During the 1700s elocution was considered an art form, and a formal discipline. Elocution encompasses a number of important principles, articulation, inflection, accent, voice, and gesture. The study of this topic seems to me, to be very important. Humans in general need to convey the meaning behind their message. Without this course of study and its effects on our modern world we as a species might not be as advanced as we are. Imagine one of our nation’s speakers approaches a podium in a foreign country. He is not dressed in proper attire. He gives his speech about how trade between our nations could benefit us both. Unfortunately he is slouched over and doesn’t move or gesture to convey the feelings and motives behind his speech. He delivers the speech without the correct intonation and volume. He doesn’t use effective wording and a rich tone of voice. I imagine witnessing this would be a catastrophe for any relations between two foreign nations. Without the study of behaviorism and the methods of elocution, we would still be living in hovels, and most likely living in fear of the people around us. My point of view about the interpretive studies or (humanism) would have to start with Classical Greek and Hellenistic Humanism. The classical period in Greece, and the Greek-influenced period that directly followed, was the wellspring for philosophy and art in Western Civilization. It featured:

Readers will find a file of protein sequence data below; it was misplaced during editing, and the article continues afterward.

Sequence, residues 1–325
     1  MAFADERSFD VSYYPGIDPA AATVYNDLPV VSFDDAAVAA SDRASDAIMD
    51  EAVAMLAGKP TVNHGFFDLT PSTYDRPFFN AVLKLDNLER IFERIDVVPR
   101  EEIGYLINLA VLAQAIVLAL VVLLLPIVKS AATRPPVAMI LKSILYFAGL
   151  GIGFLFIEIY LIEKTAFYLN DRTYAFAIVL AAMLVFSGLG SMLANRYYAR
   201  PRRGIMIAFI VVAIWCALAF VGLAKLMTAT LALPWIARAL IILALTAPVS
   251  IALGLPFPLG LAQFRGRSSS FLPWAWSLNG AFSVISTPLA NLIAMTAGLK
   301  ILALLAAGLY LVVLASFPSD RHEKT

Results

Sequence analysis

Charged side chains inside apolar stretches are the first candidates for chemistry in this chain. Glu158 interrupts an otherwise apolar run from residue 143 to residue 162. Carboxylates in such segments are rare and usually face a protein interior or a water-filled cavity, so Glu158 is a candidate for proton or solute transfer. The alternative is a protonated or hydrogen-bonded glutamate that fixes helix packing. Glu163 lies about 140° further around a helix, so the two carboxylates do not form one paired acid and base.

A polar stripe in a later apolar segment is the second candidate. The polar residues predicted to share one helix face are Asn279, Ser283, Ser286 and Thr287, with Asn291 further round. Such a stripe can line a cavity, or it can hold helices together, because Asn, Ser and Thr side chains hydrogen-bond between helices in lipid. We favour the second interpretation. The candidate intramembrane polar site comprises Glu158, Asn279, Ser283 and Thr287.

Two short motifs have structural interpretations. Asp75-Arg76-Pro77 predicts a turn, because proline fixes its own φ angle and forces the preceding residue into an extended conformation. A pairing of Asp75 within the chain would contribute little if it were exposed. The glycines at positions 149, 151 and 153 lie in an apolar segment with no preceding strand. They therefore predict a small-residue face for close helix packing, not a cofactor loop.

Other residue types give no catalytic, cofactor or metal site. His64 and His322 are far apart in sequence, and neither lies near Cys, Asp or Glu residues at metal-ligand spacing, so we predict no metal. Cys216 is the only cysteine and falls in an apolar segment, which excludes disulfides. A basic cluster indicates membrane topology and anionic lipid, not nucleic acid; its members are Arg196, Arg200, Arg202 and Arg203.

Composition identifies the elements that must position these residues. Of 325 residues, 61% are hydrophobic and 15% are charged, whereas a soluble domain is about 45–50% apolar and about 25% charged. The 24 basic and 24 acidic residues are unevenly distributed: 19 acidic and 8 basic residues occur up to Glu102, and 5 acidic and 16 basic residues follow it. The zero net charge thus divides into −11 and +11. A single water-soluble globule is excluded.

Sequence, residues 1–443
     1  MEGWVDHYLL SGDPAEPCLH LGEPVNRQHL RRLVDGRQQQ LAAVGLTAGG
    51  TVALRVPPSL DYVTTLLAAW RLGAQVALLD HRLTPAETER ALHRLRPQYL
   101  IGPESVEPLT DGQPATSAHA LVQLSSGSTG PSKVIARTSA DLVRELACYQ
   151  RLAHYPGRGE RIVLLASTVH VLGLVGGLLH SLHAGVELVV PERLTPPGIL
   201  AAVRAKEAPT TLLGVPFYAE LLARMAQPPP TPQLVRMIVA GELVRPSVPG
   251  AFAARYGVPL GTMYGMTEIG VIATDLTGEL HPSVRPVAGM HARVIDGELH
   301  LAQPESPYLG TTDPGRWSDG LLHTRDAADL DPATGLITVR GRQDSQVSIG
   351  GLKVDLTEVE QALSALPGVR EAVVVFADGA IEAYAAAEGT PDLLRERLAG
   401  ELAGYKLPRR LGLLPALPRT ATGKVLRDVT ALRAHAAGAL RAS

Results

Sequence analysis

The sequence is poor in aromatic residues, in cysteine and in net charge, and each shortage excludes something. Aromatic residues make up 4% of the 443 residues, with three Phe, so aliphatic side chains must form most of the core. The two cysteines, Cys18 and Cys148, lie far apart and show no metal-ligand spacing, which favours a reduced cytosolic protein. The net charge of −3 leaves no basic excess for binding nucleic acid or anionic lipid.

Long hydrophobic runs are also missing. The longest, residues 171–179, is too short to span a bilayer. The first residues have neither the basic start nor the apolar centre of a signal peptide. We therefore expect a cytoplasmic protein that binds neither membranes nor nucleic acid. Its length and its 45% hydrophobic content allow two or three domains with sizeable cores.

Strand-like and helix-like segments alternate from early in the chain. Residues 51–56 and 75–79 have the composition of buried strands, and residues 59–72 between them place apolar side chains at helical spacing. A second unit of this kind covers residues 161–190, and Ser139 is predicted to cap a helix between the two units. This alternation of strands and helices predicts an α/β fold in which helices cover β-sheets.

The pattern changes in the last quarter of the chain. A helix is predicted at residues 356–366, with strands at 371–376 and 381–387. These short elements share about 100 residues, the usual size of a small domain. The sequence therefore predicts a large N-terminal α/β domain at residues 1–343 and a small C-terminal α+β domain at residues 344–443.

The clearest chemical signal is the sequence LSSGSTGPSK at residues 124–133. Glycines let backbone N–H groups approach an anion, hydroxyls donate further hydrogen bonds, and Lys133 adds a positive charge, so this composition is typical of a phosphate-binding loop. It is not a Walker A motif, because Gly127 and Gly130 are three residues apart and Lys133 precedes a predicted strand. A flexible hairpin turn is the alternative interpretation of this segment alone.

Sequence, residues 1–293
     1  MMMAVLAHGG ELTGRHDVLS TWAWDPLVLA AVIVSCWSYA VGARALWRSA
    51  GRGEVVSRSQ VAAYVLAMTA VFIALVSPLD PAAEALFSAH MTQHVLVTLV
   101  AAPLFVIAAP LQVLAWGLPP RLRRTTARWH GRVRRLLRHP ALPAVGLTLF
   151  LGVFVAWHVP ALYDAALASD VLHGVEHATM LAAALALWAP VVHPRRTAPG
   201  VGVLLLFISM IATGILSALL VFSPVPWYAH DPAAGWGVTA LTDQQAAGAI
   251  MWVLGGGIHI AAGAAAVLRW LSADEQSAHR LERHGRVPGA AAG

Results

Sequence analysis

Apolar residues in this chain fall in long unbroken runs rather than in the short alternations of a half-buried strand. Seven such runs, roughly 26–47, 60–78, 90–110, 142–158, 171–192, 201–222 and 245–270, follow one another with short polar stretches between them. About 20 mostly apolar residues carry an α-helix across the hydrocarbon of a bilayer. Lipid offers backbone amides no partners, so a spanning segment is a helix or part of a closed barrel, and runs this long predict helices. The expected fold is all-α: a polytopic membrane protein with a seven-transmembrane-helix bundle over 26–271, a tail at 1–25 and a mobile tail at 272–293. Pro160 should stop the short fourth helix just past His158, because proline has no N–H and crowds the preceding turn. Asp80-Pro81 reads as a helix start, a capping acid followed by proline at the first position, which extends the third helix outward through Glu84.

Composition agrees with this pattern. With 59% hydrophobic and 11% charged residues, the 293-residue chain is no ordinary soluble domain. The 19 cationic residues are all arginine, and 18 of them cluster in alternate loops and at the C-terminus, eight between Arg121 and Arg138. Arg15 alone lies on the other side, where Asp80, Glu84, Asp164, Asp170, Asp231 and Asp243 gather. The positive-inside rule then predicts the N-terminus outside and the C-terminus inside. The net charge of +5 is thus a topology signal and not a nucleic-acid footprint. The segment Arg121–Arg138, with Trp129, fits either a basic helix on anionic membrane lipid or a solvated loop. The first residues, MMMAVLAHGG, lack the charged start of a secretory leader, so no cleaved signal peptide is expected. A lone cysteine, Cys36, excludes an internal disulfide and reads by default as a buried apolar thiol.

* Human-centered sculpture and painting, in an increasingly natural and realistic style * A fascination with mathematics and geometry, leading to advances in architecture * A development of the art of drama and the creation of great works of theater * Writings on the subject of virtue and excellence
From this Era we gained some of the greatest Western philosophers, and their philosophies. Like Socrates, he used paradox and discourse to rid students of preconceptions, and give them a radically different perspective on life. Socrates was very concerned with virtue,...
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